Hempfield softball team bounces back after falling in semifinals
By Brian Hunger
Published: Thursday, May 30, 2013, 8:55 p.m.
Hempfield's goal of winning a WPIAL softball title came to a halt last week at California (Pa.) University.
The Spartans were on the wrong end of a perfect game at the hands of Canon-McMillan's Alayna Astuto. The game was a rematch of last season's Class AAAA championship which the Big Macs won, 4-1.
“She just had everything,” Hempfield coach Bob Kalp said of Astuto's performance. “When you don't get a base runner, it's real hard to compete against a team of that caliber. We just couldn't get anything going.”
But Hempfield (17-6) didn't waste time sulking after the loss. The next day, Kalp's team scrimmaged District 6 power Ligonier Valley in an effort to stay sharp for its third-place consolation game against Peters Township (18-5). The plan worked, as Hempfield topped Peters Township, 9-5, Wednesday and advanced to the PIAA playoffs.
Despite not being able to do anything on offense, Kalp was positive about the effort his Spartans gave in the semifinals.
“Games like that can get ugly and out of hand real quick,” he said. “But we played a very strong defensive game and kept our composure. Canon-Mac hit well and played strong.”
Hempfield entered the season with high expectations. Seven regular players returned from last season's teams. The Spartans didn't reach one of their goals of winning the section but finished in second place. Kalp was pleased with the overall season the team has put together.
“At a place like Hempfield, the expectations in softball are always going to be high,” he said. “We may not have had the season we would have liked, but we accomplished a lot of things.
“We played and beat a lot of real good teams — Shaler twice, North Allegheny, Latrobe, Canon-Mac. There are a lot of top-tier programs at this level and we played well. We didn't win the section, but making it to the semifinals is a great accomplishment.”
Kalp points to his team having several under-the-radar players being a key to the program's sustained success.
One of which is senior second baseman Callie Madden, who recently has set three program records.
Madden, who Kalp refers to as a player you don't hear much about it but is an integral part of his team, now owns Hempfield records for most career assists (182), single season assists (74) and sacrifice bunts.
“You tend to only read about pitchers and home runs,” Kalp said. “But a player like Madden, as a coach, is nearly irreplaceable. She's probably one of the best defensive players to ever come through here and is going to be a big, big loss for this team when she graduates. She's the type of player that when a ball is hit on the right side you don't have to worry about anything.”
Kalp also pointed out another senior — pitcher Hope Pehrson — as someone who stepped up to have a huge season for the Spartans. Pehrson anchored the pitching staff, piling up 15 wins and a 1.66 earned run average.
“Hope was restricted early in the season (recovering from an injury),” Kalp said. “But she really stayed after it and kept getting stronger as the season went along. I'm very proud of her and the season she had.”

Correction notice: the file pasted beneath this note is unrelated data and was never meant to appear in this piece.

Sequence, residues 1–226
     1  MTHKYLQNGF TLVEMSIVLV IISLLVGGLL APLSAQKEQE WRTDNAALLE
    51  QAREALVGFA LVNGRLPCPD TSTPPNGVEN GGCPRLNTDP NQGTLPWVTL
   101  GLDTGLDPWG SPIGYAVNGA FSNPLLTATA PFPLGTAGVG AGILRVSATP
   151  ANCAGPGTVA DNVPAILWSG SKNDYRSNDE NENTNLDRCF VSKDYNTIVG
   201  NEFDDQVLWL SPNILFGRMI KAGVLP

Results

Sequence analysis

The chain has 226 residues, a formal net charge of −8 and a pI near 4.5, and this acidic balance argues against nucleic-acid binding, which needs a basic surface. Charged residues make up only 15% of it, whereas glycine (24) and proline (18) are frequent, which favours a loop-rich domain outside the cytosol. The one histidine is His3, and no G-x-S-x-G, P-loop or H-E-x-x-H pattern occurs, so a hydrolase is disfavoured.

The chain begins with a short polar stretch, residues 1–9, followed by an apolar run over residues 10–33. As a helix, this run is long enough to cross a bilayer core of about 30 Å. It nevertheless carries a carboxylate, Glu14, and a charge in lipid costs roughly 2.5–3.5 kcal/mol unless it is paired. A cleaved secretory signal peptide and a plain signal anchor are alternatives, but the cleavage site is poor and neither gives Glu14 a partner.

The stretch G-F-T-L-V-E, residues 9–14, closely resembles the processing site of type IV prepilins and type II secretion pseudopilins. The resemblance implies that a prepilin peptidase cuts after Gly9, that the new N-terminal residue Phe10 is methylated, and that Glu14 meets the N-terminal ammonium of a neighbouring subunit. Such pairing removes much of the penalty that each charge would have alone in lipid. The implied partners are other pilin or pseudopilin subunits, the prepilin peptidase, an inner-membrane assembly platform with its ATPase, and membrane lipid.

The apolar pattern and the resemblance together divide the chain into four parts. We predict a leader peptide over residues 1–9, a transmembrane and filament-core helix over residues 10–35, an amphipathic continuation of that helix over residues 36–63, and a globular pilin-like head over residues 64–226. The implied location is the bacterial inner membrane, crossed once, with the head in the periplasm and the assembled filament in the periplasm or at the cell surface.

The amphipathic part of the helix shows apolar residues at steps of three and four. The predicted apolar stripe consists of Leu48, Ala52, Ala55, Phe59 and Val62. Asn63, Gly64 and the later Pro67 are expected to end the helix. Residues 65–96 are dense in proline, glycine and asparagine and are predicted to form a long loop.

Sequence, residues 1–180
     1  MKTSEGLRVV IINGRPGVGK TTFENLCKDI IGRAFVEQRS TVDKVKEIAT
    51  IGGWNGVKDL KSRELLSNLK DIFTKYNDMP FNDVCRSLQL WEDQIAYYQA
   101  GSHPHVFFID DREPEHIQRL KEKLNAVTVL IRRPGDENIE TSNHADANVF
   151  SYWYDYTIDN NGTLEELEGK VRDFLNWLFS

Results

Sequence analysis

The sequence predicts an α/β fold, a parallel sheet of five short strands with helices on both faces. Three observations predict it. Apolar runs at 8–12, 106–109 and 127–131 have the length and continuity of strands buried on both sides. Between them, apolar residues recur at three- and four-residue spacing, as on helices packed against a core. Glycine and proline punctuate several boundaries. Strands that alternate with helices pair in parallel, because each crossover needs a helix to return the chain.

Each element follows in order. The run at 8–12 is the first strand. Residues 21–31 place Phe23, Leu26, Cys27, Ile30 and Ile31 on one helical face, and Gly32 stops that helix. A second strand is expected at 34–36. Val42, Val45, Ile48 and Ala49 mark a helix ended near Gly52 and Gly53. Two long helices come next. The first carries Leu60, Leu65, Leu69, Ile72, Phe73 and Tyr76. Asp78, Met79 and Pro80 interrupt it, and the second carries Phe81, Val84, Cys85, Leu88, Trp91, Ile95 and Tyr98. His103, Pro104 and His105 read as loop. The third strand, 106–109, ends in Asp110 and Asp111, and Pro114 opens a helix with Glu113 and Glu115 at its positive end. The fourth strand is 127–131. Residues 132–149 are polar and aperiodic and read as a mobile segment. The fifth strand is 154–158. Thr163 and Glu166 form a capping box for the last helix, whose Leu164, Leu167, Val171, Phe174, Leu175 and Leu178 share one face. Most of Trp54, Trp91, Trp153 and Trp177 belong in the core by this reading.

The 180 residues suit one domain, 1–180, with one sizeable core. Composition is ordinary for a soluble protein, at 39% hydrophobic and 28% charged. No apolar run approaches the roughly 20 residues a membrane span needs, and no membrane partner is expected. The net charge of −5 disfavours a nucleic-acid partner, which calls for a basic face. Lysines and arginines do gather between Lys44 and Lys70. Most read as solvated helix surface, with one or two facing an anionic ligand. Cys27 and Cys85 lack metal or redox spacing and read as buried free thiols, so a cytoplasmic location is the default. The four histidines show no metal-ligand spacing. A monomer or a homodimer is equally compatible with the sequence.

Brian Hunger is a freelance writer.
Show commenting policy
TribLive commenting policy
You are solely responsible for your comments and by using TribLive.com you agree to our Terms of Service.
We moderate comments. Our goal is to provide substantive commentary for a general readership. By screening submissions, we provide a space where readers can share intelligent and informed commentary that enhances the quality of our news and information.
While most comments will be posted if they are on-topic and not abusive, moderating decisions are subjective. We will make them as carefully and consistently as we can. Because of the volume of reader comments, we cannot review individual moderation decisions with readers.
We value thoughtful comments representing a range of views that make their point quickly and politely. We make an effort to protect discussions from repeated comments either by the same reader or different readers.
We follow the same standards for taste as the daily newspaper. A few things we won't tolerate: personal attacks, obscenity, vulgarity, profanity (including expletives and letters followed by dashes), commercial promotion, impersonations, incoherence, proselytizing and SHOUTING. Don't include URLs to Web sites.
We do not edit comments. They are either approved or deleted. We reserve the right to edit a comment that is quoted or excerpted in an article. In this case, we may fix spelling and punctuation.
We welcome strong opinions and criticism of our work, but we don't want comments to become bogged down with discussions of our policies and we will moderate accordingly.
We appreciate it when readers and people quoted in articles or blog posts point out errors of fact or emphasis and will investigate all assertions. But these suggestions should be sent via e-mail. To avoid distracting other readers, we won't publish comments that suggest a correction. Instead, corrections will be made in a blog post or in an article.
Subscribe today! Click here for our subscription offers.